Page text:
Peeking in on the just-completed term of the Supreme Court almost smacked of voyeurism as justices grappled to define sexual harassment, rendering contradictory rulings involving schools and businesses.

Do they make these decisions by coin toss?When the cream of the judicial crop is split 5-4 with five varying opinions on how they got there, it makes you nervous about lower rungs of the judiciary.

But then again, this is America - where everyone including Karl Malone and David Locke of KFNZ has an opinion even if they don't dress in long black robes to express it. As the yet-to-be "adjudicated" case between the Mailman and the radio announcer will show, all opinions are not created equal. Those backed by the most gold or biggest gavel usually prevail and may even establish precedent.

It's been nice listening to you, Mr. Locke. Good luck in Albuquerque.

America's form of justice is a quirky system, but at least it's slow. That is a plus if you're on the wrong end of the rope buying time through endless appeals.

Our program also provides sordid spectating, witness O.J. and various harassment cases of late - a salient subject due primarily to the alleged ignominious deeds of our chief executive. In light of the evidence mounting against him, it took chutzpah for Clinton to tell 2 billion Chinese last week that "the struggle for your own character is the struggle for the nation's character." As goes the head of state, so goes the nation?

Is it too late to seek political asylum in Iran - a place not known for Yankee hospitality but where they play superior soccer and render swift, sure justice?

There were several key outcomes from the Supreme Court relevant to the growing and unfortunate problem of harassment that were noteworthy. First, its definition extends to persons of the same gender. Second, a school district cannot be blamed for an employee's inappropriate actions if it does not know about it. Third, an employer may be liable for actions of a supervisor even if the victim does not file a complaint or experience detrimental financial or promotional repercussions.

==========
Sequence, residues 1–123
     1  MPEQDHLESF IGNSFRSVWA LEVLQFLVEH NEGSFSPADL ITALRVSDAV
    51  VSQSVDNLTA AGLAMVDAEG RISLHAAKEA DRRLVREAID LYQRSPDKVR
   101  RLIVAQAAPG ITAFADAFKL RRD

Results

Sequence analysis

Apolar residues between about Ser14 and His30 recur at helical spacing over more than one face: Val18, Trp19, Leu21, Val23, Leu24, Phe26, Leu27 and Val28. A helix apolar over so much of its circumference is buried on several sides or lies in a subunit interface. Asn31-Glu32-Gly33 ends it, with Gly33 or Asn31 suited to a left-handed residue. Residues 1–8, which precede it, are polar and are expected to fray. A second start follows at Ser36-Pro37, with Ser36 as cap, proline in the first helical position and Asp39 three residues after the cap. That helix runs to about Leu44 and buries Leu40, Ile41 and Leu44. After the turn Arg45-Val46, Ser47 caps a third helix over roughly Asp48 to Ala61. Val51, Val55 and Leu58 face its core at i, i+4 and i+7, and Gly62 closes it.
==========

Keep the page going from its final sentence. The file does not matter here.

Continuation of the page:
It is the inconsistency of the second and third points that is troubling. As was pointed out in The New York Times, "the court's rulings inadvertently created two classes of citizens: employees, who are protected from sexual harassment, and students, who are not."

The St. Louis Post-Dispatch called the decision regarding students "reprehensible."

It explained: "From a legal point of view, the court might be able to justify giving students fewer rights than employees because the federal law it was interpreting on schools is different from the one that applies to the workplace. But from a common-sense point of view the distinction is absurd. Why wouldn't the court be especially protective of children?"

The answer? Money. A five-justice conservative majority was more concerned about protecting school districts from damage judgments than safeguarding children from predatory adults. The Supreme Court created incentives for businesses to have clear policies prohibiting any form of harassment, which is good. But it provided disincentives for school districts to do the same.

Unless administrators specifically know about misconduct and react with "deliberate indifference," they are off the hook. It does not matter whether a district has policies or procedures in place or whether it does anything else to prevent harassment. Instead of aggressively rooting out problems, officials are apt to prefer not hearing, seeing or speaking evil since ignorance grants them immunity from liability.

The court's interpretation that schools permitting violations can lose Title IX federal funding if harassment complaints are found valid is of little comfort or redress to youths scarred by reprehensible acts of adults in positions of trust.

Protecting the coffers of public educational institutions from unwarranted raids is one thing. But placing them completely off limits when justified damages are due is another. It appears the "golden rule" prevailed, a fact strongly enunciated by Justice John Paul Stevens in a scathing dissent. He scolded the majority for putting "protection of the school district's purse" above that of vulnerable students. That is an unfortunate indictment of justice at its highest level.